KINGSTON, R.I. – December 22, 2021 — As aquaculture operations expand in Narragansett Bay and Rhode Island’s salt ponds, questions have arisen about how ducks and geese are affected by the facilities. To begin to answer these questions, a University of Rhode Island doctoral student is tracking the movements of local waterfowl.
“There haven’t been any Rhode Island studies yet, but studies on the Pacific Coast have found issues with diving ducks getting tangled up in netting used by aquaculture, and birds that have been deterred from areas that might otherwise be good habitat because of the activities of aquaculture operations,” said Tori Mezebish, a native of Maryland who is collaborating on the project with URI Professors Peter Paton and Scott McWilliams and officials from the Rhode Island Department of Environmental Management.
She noted that previous studies have also observed sea ducks like eiders and scoters, which feed on shellfish, preying on oysters and other shellfish being grown by aquaculturists.
“There’s also been some positive associations, like ducks and geese eating some of the aquatic vegetation that accumulates on the cages,” Mezebish said. “It’s a mixed bag of how the birds might interact with aquaculture.”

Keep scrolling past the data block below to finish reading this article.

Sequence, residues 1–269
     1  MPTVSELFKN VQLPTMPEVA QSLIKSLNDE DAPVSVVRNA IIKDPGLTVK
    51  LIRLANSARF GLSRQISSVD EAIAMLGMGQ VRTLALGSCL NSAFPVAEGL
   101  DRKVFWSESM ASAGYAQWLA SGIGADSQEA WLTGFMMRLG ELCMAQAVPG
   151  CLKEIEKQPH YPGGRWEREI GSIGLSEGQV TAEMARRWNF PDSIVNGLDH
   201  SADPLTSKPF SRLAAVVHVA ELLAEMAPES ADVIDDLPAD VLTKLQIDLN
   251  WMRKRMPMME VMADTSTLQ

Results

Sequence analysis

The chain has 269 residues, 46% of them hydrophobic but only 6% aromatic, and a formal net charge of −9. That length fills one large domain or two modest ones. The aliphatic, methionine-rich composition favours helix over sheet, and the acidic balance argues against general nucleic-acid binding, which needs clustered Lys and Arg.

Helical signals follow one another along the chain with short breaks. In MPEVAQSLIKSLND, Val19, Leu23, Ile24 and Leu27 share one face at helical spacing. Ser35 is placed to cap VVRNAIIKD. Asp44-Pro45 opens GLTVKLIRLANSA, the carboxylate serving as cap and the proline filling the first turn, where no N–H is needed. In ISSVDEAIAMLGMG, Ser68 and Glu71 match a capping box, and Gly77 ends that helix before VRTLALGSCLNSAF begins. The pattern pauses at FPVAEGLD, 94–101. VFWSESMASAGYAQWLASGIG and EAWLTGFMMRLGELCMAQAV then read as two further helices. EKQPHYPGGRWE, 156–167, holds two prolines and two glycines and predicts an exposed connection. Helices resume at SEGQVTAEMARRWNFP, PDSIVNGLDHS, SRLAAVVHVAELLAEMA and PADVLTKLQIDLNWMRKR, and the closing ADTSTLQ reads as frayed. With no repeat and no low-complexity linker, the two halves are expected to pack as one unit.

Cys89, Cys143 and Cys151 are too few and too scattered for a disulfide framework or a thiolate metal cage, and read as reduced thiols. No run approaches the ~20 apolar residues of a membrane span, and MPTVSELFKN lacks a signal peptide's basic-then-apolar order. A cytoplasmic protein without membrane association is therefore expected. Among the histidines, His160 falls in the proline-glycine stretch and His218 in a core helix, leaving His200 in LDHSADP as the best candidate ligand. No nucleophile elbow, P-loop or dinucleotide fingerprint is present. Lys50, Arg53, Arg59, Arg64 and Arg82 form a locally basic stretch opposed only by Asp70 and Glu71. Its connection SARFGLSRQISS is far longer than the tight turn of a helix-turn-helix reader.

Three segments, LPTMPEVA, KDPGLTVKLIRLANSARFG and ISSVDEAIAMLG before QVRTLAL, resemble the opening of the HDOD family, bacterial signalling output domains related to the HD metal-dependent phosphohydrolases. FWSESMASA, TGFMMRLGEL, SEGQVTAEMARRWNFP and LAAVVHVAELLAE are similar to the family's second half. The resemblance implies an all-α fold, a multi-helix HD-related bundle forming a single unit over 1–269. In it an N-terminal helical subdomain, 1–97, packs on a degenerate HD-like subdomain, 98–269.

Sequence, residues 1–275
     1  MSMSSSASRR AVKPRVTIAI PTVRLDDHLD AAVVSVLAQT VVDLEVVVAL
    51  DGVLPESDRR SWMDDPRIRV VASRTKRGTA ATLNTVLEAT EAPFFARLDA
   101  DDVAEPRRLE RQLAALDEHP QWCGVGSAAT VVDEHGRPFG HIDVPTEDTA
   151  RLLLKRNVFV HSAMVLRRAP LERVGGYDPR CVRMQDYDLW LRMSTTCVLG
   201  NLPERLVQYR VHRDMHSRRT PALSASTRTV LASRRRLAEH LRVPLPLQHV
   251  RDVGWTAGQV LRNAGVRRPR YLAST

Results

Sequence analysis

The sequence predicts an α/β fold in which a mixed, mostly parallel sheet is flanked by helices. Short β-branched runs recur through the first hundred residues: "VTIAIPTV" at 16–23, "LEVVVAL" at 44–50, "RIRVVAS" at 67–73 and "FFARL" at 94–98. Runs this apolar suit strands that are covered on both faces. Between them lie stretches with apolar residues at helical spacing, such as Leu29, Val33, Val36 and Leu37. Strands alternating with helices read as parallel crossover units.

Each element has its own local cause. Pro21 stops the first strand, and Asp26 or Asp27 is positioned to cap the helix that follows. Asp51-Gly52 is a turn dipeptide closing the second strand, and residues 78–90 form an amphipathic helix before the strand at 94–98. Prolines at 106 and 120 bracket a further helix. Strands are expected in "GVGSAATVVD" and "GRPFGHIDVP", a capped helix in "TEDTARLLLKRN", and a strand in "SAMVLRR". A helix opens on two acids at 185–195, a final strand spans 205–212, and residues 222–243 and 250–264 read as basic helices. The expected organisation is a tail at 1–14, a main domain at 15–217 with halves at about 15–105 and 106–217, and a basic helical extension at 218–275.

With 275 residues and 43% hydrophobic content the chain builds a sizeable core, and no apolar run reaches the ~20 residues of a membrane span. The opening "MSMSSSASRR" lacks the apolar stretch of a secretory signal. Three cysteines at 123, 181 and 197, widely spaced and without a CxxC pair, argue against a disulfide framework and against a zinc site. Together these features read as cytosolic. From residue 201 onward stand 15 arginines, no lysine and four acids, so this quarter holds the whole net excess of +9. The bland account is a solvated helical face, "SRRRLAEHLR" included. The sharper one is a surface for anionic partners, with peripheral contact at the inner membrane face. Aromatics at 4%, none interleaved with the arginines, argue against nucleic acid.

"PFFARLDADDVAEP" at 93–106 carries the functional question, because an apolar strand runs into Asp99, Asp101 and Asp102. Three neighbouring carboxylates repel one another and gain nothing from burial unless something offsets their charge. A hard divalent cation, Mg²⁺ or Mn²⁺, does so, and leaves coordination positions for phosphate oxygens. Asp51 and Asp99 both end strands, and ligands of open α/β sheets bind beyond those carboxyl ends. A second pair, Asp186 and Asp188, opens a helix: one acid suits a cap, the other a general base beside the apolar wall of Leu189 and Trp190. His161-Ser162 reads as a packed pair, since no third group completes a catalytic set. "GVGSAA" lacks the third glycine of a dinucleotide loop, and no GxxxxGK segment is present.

Last winter, Mezebish attached transmitters to 30 black ducks and 30 brant, a species of goose that lives in salt water. This winter she will deploy an additional 30 transmitters on common goldeneyes, a diving duck. All three species are common during winter in Narragansett Bay, the salt ponds, and adjacent salt marshes.
Most of the brant have returned from their breeding grounds in the Arctic, and several of them spend every day with dozens of other brant on the lawn at Colt State Park in Bristol. Others are spending most of their time in the Upper Bay and Providence River. The black ducks are just beginning to return to the area from Maine and southern Canada, and the early arrivals have been tracked to the salt ponds and the Galilee area.
Mezebish is tracking the movements of each bird using a GPS unit on their transmitters to see how much time they spend near aquaculture facilities. She is also observing the birds in the field to validate the GPS data and see what the birds are doing around the shellfish farms.
“The goal is to understand what is important to these species outside of the aquaculture facilities,” she said. “Maybe brant need shallow areas with submerged vegetation, so that may not be the best place to put an aquaculture lease.”
In addition to Mezebish’s study, URI postdoctoral researcher Martina Müller is conducting land-based surveys throughout the year to see what other kinds of birds may be interacting with the aquaculture facilities.
“Ultimately we want to provide recommendations about the good and not so good places for aquaculture leases to be placed,” said Mezebish, who became interested in waterfowl research as an intern at the Pawtuxet Wildlife Research Center in Maryland, where she hand-reared ducklings used in the center’s research activities.
When the project is complete, Mezebish hopes to use the study as a springboard to study related questions about other conflicts and interactions between waterfowl and humans.